The second season of March Comes In Like A Lion (which I finished just last week) packs even more of an emotional punch than the first. Throughout its 22 episodes, I laughed, cried, and cheered as I shared in its characters’ many victories. Though the franchise has many wonderful characters (which is, by far, its greatest strength), my absolute favourite is Rei Kiriyama. That being said, Hina Kawamoto really gave Rei a run for his money during this second season. So much so, that I felt it would be a disservice not to jot down a few words about her too. Writing about more than one character might not be in keeping with Character Spotlight tradition, but the best thing about Watashi Wa Bucho!! (or I’m the boss) is that, yes, I’m the boss! This allows me to throw the rulebook out the window at any given moment, so there!
I’d like to apologise for the brevity of today’s post. This week my husband and I closed on our first home! Since then, all of our free time has been spent resisting the urge to strangle each other as we attempt to put together an entire home’s worth of flatpack furniture. So, yeah, my brain is completely fried! It also doesn’t help that this week’s episode was probably the weakest so far. It wasn’t bad, per se, it just failed to bring anything new to the table… We didn’t meet any new characters, we didn’t learn anything new about the ones who we’ve already met, and there were no new developments in the story. That being said, it did endear me to poor, sweet Hatori…
This week Kyo gets up on the wrong side of the bed. At Shigure’s suggestion that he take the opportunity to get to know Yuki a bit better on their date (a double date between Kyo and Kagura, Yuki and Tohru, not the two boys! That’d be quite the development, huh?) he completely flips his lid. Tohru must intervene for him to regain his composure. Meanwhile, while the quartet are out and about on their date, Shigure pays the Sohma compound another visit. During a conversation that takes place between him and Hatori, Shigure reflects on a dream that he once had. He says that he doesn’t care who he has to hurt to make this dream a reality. Firstly, why would Kyo get quite so upset at the suggestion that he try to get along with Yuki? And, secondly, what is the exact nature of Shigure’s dream? And what would it mean for the other characters were it to be realised? Since this episode never explicitly answers these questions, now’s as good a time as any to churn out some wacky fan theories!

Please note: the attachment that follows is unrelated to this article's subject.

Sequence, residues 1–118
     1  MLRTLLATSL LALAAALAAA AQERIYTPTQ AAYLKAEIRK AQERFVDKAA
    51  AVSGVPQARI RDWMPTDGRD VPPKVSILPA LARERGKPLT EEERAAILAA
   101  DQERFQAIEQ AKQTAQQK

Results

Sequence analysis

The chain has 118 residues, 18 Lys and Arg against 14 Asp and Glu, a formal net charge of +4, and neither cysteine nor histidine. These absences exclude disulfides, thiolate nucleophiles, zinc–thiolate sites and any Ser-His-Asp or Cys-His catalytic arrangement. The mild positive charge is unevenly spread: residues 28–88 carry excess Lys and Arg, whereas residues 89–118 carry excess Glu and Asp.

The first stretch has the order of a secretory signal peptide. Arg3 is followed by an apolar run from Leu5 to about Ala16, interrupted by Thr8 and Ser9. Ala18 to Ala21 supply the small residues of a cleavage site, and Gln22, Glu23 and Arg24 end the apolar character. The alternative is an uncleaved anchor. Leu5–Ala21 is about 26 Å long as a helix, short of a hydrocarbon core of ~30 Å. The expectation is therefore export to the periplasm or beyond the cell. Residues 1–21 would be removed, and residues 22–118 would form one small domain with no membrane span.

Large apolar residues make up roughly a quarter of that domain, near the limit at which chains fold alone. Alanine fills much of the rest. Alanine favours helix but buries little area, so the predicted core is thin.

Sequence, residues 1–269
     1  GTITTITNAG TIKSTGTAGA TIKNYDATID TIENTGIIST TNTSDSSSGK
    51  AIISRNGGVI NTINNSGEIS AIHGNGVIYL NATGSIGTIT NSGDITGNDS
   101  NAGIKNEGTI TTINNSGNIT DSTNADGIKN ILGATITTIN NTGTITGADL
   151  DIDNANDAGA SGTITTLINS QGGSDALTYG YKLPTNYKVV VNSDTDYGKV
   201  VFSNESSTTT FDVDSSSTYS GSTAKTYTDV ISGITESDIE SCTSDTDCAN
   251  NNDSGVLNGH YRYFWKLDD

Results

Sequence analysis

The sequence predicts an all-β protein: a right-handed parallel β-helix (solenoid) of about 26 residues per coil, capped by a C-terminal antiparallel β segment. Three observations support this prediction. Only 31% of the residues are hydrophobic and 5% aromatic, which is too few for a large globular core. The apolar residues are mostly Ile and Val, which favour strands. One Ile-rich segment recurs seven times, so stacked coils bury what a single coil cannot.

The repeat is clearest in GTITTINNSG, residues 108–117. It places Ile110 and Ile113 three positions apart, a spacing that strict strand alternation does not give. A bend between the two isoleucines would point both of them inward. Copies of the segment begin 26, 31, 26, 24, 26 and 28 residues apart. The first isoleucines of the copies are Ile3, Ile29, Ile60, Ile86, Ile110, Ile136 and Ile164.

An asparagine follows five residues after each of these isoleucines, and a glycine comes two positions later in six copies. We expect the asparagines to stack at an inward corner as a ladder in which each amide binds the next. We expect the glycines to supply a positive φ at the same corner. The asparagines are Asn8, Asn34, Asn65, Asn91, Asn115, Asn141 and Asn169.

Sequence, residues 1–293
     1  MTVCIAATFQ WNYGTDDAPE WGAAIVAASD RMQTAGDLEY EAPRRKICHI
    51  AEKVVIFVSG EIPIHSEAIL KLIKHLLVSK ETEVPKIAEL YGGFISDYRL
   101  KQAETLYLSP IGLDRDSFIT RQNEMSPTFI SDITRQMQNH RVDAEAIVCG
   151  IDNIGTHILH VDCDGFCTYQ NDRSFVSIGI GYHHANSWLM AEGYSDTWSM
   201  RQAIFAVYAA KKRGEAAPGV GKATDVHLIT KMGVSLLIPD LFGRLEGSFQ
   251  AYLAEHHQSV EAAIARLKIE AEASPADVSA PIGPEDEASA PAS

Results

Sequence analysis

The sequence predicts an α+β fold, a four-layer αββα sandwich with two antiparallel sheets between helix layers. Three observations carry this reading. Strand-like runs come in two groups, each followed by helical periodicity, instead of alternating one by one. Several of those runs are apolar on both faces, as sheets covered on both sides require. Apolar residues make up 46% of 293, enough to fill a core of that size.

During this week’s episode of Fruits Basket (2019) Tohru’s class is made to run a marathon around town. While en route, Tohru, Yuki, and Kyo encounter Hatsuharu (Haru) Sohma who, as it turns out, has been looking for them for three whole days (you couldn’t have called them, or something?). During their encounter, after Haru and Kyo briefly exchange fists, Yuki collapses. Haru, in ox form, carries Yuki home and, while he’s resting, tells Tohru what he means to him. When I sit down to write about each episode of Furuba I usually pick two or three things to unpack in detail. But this episode (which was probably my favourite so far) was full of so many interesting details that I don’t think I can approach my analysis of it like I usually do! As such, this post is going to be a little less focused than usual, I hope that you’ll bear with me!
I’m currently watching an anime called “I Can’t Understand What My Husband Is Saying”. It’s a collection of amusing shorts about a young married couple: Hajime and Kaoru Tsunashi. The pair love each other deeply. That being said, Hajime is a massive otaku, whereas Kaoru is more your bog-standard salaryman man woman. This results in all kinds of confusion and misunderstanding on Kaoru’s part. It’s not the best short anime that I’ve ever seen, but it offers up a decent helping of funny and even touching moments. I really think that it’s worth watching by virtue of the fact that its main focus is a married couple – there really aren’t many shows like that out there. This is quite appealing to me, being a married lady myself! It’s nice seeing my demographic and the things that we go through on a daily basis represented like that! What’s more, is that it’s a fairly accurate portrayal of married life. Though my experience varies ever-so-slightly from Kaoru’s in that both my husband and I, and not just my husband, are massive dorks! For those of you who may be interested, below is a brutally honest account of what a marriage between two otaku looks like. Enjoy!